Multi Medical Center
All this without neglecting the needs of the users of the premises, with a focus on both the patient and the medical team working in the facility, to whom it was necessary to offer a workplace that was not only functional, but also emotional, welcoming and relaxing.
The aim was to ensure that those bare spaces and those anonymous walls regained new identities, no longer grey and bare, no longer still and silent, but full of motion, colour and warmth, thus creating an interior design intervention capable of multiplying spaces, involving and stimulating observation, reaction and, at the same time, feel safe and have peace of mind.
This research, which brought together design and culture, manual technique with the most sophisticated and refined technology of new modelled materials, almost as if to shape the space and render it immortal.
A game of circling the walls and ellipses on the lowered surfaces create concentric movements in the first waiting room to give the patient a sense of hospitality, as if they were entering their friends’ home. The reception, located in the middle of the waiting room, has an oval structure with a scenic backdrop, so as to create a point of reference for customers.
The specific appeal of this setting, which serves as both a container for the secretary’s office and to divide the medical surgeries, is the final part, designed specifically out of square both vertically and horizontally, with an arrow finishing to generate a sense of invitation to the other part of the surgery reserved for the ophthalmic department.
Within this circular wall, RGB light points have been set up to cast a diffused light onto every single portion of the circle.
Five specialist medical surgeries overlook this area: diabetology, psychology-psychiatry, natural medicine, paediatrics, cardiology.
Here, the designer wanted to generate a sense of “path of perception” by working on the linearity of minimal settings intentionally left white, like the colour of the walls and the interior design, intervening only on the lowered surfaces polished to a gleam with washable enamels.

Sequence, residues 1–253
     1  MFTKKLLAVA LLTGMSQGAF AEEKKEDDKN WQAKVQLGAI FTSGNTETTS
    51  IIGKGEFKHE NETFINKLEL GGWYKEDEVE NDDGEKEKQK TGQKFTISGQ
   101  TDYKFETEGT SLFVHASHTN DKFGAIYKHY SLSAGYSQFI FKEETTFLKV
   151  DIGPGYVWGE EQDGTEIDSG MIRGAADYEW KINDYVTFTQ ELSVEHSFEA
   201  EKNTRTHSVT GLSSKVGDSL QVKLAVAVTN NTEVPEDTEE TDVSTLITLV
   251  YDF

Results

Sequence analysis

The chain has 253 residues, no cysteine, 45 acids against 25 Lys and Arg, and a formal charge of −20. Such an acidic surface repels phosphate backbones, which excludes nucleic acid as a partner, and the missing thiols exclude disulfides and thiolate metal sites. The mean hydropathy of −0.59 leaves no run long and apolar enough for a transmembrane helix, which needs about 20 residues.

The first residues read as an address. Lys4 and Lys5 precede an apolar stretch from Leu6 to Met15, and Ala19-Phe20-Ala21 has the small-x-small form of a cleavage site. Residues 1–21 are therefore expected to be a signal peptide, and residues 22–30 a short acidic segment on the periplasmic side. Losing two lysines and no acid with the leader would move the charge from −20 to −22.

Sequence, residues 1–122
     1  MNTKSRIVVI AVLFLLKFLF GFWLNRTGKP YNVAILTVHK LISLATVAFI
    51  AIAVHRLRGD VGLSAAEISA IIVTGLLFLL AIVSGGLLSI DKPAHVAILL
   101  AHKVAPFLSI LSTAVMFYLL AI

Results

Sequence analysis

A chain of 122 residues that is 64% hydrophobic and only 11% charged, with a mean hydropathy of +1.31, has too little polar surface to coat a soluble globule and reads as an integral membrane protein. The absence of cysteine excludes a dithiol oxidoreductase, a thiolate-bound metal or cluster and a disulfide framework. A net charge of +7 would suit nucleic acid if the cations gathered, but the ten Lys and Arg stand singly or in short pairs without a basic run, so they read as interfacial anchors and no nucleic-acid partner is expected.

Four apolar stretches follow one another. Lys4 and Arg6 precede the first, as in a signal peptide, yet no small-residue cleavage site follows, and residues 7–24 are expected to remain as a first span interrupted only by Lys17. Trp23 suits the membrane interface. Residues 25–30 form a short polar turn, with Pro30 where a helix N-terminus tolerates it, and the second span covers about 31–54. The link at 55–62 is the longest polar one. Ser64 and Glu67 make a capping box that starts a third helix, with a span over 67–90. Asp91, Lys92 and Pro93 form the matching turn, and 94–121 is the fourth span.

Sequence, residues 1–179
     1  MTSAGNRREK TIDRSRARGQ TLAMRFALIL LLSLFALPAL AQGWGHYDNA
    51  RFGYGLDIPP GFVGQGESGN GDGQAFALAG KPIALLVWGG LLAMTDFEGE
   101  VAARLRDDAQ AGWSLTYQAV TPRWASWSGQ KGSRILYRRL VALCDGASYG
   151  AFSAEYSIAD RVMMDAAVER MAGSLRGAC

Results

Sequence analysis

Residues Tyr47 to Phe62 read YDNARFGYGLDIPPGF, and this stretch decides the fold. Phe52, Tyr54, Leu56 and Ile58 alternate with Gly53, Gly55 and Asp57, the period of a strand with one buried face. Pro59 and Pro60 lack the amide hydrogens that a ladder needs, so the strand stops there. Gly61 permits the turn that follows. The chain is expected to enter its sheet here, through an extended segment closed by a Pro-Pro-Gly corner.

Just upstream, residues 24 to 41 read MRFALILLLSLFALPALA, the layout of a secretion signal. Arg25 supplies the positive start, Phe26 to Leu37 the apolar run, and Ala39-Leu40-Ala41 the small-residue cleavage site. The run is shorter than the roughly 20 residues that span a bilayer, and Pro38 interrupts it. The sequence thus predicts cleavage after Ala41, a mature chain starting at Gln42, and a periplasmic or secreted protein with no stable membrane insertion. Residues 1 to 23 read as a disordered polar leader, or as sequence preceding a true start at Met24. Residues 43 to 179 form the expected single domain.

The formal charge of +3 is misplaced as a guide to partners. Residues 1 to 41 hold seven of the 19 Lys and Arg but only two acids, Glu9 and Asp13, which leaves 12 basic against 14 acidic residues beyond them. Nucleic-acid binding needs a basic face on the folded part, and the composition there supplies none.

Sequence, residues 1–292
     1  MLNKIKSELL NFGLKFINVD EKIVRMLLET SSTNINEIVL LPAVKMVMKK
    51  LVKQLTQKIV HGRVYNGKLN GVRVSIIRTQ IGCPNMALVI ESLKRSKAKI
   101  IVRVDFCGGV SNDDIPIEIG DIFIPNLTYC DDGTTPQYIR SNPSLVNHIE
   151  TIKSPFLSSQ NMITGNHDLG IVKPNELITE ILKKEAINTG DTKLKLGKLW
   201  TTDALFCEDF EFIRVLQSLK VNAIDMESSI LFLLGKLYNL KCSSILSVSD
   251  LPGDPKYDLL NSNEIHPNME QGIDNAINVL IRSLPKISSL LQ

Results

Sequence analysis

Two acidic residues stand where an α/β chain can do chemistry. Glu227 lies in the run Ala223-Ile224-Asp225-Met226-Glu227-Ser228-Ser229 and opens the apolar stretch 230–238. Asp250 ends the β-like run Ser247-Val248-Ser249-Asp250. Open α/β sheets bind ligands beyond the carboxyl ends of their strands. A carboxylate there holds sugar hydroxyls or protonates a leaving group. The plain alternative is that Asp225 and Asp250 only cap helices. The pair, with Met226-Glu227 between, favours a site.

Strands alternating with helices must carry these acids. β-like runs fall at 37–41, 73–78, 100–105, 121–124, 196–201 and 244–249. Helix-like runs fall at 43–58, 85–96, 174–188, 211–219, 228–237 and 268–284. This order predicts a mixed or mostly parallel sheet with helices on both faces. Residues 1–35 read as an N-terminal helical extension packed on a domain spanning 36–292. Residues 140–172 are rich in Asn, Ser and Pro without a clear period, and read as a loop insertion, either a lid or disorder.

To characterise and distinguish each surgery, only “spots” of colour were applied here and there, such as on the seat upholstery, the objects placed on the desk, and a “stain-resistant” wall panel placed behind the handwash, all in the same shade as the background lighting. With the use of coloured LEDs, hidden in such a way as to obtain only a visual perception of the colour without any glare, a blue, red, green, yellow, orange and amber surgery were created. On the floor, doussie wood parquet flooring runs along the 200 square-metre concept. The toilet for the public was entirely tiled in black porcelain stoneware, with the insertion of washbasins and taps designed by Alessandro Marchelli. The washbasins were made using oxidised iron, curved and treated with crystalline resin, while the taps, which are curved in the shape of a double “s” and fitted at a height of 2.00 m above the bowls, are made of copper and are sensor-operated. The light is equally diffused here, hidden behind the wall of washbasins and behind the mirrors.
The point of connection between the area used for the various specialities and the owner's ophthalmic surgery has been created by turning an existing gallery into a welcoming and additional waiting room. The result is a white “new look”, finished with natural crystalline resins and a game of suspended interlocking ceilings, which continues with the “sensory path” of light with the insertion of narrow-beam blue spot LEDs directed at the brushed steel seating.
Once you have crossed this threshold, you enter the ophthalmic department, where a vertical “swerve” curve makes up the waiting room. The seats, made of orange polycarbonate, reflect the light and blend in perfectly with the shaded laminate walls in shades ranging from deep burgundy red to yellow-orange and violet blue. Perfect vertical cuts of light have been created in this setting, which helps to give the patient a feeling of calm and relaxation while waiting to be seen, thanks also to the possibility of using the sofa with round burgundy and orange seat.
In the doctor's surgery, dominated by shades of blue, a copper desk has been designed and built. White has been used as the dominant colour in the examination room and in the operating room, with dimmable lighting (in the operating room only) depending on the requirements, for both the main and secondary light in blue.
Expressiveness and creativity in the eye space.
When Doctor Carlo Orione, ophthalmology specialist and owner of C.P.N. (Centro Polispecialistico Nicese) commissioned the AM+D Studio Alessandro Marchelli + Designers – Sensory Architecture & Design – to reinvent the premises, functionality and concept of the Nizza Monferrato multi-functional centre (Asti).
The Designer’s creativity released his desire for “sensory appeal”, his essence of design in finding a unique connection between light, sound, emotion, and the enhancement of emotional functions with absolute and careful research, amid quality, innovation, design criteria, elegance and home automation, functionality and feeling in a strong, yet calm, form.